Did you know that Carlos Slim, arguably the richest man in the world, bought TELMEX (when he was not the richest man in the world) in 1990 when the then-president, Carlos Salinas Gortari, put the country's phone system up for privatization? He and a group of investors bought it with a consortium of investors including Southwestern Bell. Today TELMEX controls 90% of the land lines in Mexico, TELCEL owns almost 80% of cell phones and the majority (I can't remember the percentage) of broadband internet access. Incidentally, Ed Whittaker, head of SBC, now once again AT&T) invested 1 billion in the 1990 purchase; it is now worth 10 billion. Slim owns América Móvil, the company which has been spreading its tentacles through the communications industry of Latin America. And a lot of other stuff.
Señor Slim (Wikipedia)
Slim and a lot of other rich Americans and Mexicans are the beneficiaries of gaping exceptions in NAFTA which you can read about here and in a lot of other places. Free trade you think?
Forbes reports that he owns his 64 billion dollar fortune in a country where the average annual income is under $7000 (dollars). It adds that if he lived in the US, to reflect the disparity between his worth and the income of an average American, he would have to be worth 684 billion dollars. Yikes. In Mexico, his worth is greater than that of the lowest 45% of the country's population combined. There are about 109 million Mexicans, for reference.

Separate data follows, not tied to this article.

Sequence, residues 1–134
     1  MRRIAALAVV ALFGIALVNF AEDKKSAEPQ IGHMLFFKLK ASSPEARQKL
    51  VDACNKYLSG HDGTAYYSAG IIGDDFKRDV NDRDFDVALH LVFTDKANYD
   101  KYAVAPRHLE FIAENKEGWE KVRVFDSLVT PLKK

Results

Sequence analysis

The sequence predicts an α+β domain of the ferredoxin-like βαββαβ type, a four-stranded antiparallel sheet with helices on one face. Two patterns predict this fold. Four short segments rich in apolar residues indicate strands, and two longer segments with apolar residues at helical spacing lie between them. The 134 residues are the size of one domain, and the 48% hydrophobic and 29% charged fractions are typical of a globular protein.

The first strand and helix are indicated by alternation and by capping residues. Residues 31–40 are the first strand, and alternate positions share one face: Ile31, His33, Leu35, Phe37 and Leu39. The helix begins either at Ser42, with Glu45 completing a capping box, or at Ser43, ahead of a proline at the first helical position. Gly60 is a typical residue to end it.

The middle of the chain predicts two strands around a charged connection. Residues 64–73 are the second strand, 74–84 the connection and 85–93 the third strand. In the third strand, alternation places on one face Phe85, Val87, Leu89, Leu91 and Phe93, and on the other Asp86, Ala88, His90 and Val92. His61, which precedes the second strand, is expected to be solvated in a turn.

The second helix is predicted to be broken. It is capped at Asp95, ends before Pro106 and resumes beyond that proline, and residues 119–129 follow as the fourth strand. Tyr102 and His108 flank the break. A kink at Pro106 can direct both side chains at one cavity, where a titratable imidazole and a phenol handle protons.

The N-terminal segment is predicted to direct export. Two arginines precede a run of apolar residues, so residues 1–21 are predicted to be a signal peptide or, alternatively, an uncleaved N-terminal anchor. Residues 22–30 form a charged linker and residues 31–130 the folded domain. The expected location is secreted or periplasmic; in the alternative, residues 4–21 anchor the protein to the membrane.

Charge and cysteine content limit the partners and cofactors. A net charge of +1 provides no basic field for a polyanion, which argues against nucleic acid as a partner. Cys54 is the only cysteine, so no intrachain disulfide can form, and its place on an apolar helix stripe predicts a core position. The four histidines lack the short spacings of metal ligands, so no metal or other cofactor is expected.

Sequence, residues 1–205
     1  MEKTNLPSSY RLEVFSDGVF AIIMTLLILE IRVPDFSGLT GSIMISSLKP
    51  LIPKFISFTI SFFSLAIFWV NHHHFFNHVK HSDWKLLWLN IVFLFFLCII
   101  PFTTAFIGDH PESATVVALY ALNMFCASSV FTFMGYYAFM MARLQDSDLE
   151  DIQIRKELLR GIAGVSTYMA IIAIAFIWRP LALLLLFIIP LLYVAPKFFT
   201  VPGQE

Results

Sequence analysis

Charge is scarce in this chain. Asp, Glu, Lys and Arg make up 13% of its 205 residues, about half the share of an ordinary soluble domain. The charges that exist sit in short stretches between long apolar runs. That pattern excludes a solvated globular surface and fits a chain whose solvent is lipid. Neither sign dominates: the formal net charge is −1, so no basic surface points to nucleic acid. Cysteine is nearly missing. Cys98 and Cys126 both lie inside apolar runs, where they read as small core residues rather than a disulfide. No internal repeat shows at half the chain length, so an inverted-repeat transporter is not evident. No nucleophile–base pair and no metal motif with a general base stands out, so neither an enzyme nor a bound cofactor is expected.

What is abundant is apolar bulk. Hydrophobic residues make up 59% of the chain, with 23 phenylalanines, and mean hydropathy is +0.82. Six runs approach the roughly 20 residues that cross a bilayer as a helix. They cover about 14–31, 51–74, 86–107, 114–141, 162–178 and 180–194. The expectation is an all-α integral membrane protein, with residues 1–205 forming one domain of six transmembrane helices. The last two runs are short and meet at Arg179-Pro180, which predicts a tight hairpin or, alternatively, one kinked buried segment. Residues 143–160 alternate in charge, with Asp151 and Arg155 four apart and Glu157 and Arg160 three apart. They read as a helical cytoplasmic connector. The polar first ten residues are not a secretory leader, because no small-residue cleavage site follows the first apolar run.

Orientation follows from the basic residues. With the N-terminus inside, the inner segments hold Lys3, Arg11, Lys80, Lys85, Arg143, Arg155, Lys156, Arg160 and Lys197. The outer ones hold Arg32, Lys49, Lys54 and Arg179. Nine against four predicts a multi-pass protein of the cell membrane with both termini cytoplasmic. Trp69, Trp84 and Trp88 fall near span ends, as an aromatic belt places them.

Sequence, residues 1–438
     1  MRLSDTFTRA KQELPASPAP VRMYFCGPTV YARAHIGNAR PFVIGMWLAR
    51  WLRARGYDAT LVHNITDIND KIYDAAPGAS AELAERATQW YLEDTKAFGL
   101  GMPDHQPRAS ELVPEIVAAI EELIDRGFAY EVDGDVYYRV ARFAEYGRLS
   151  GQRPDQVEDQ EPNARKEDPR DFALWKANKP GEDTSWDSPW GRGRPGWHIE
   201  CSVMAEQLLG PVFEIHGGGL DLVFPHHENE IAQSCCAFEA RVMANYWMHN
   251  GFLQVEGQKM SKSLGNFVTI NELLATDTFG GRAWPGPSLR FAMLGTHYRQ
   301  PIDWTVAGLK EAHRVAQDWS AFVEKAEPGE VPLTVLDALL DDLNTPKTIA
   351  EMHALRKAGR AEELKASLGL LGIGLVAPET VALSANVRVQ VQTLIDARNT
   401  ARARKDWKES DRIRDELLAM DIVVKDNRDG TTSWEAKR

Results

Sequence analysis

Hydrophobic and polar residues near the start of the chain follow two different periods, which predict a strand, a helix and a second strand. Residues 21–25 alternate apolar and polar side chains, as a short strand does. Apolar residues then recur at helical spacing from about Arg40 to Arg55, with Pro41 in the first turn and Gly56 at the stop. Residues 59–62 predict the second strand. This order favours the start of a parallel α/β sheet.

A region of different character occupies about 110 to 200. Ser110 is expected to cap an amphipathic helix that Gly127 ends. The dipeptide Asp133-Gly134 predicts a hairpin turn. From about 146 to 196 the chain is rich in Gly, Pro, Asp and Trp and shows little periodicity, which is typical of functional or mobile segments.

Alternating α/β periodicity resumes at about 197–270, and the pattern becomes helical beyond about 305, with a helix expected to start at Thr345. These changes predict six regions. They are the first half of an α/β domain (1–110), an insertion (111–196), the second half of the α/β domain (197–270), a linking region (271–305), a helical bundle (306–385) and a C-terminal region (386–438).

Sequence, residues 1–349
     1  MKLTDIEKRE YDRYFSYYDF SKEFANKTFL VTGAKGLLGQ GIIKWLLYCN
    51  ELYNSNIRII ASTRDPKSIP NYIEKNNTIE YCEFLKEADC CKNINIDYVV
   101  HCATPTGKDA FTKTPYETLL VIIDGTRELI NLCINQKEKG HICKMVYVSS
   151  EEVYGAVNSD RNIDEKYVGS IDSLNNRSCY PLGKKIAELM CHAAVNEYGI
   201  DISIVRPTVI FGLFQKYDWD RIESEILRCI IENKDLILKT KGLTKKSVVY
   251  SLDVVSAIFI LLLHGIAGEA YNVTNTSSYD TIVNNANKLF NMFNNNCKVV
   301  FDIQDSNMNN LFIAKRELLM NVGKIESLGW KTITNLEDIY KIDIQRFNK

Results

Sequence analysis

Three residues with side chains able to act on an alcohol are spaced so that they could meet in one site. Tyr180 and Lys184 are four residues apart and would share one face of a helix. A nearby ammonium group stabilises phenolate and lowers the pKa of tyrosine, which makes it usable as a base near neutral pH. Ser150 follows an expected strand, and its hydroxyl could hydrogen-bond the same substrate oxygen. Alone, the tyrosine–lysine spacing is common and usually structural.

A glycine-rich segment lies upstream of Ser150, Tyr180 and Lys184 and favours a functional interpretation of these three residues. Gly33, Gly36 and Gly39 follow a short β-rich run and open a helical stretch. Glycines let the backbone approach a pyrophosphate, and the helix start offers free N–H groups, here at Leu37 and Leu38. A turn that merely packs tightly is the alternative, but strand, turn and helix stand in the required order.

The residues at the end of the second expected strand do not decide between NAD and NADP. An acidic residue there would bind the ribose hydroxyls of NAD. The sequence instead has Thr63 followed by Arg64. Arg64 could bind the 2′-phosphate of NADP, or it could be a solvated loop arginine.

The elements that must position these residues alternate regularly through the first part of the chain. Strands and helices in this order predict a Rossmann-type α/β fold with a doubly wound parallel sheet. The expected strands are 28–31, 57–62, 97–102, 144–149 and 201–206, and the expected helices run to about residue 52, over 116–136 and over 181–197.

Meanwhile, in our colonia, I would imagine well over 50% of the inhabitants can't afford phones; cell phones don't work here. The colonia's schools don't have internet access. I connect via a shaky TELMEX broadband connection. I was told we can't get anything better here because it wouldn't be profitable for the company to provide the swatch of settlement we live in with it. Can you imagine? I wonder how much it would cost Slim to wire the whole country for broadband access.
Finally, according to Wikipedia, On 10 September 2008 Slim announced that he had purchased a 6.4% common-stock stake in The New York Times Company, making him the largest shareholder not related to the company's owners, the Sulzberger family. And you had your eye on Rupert Murdoch.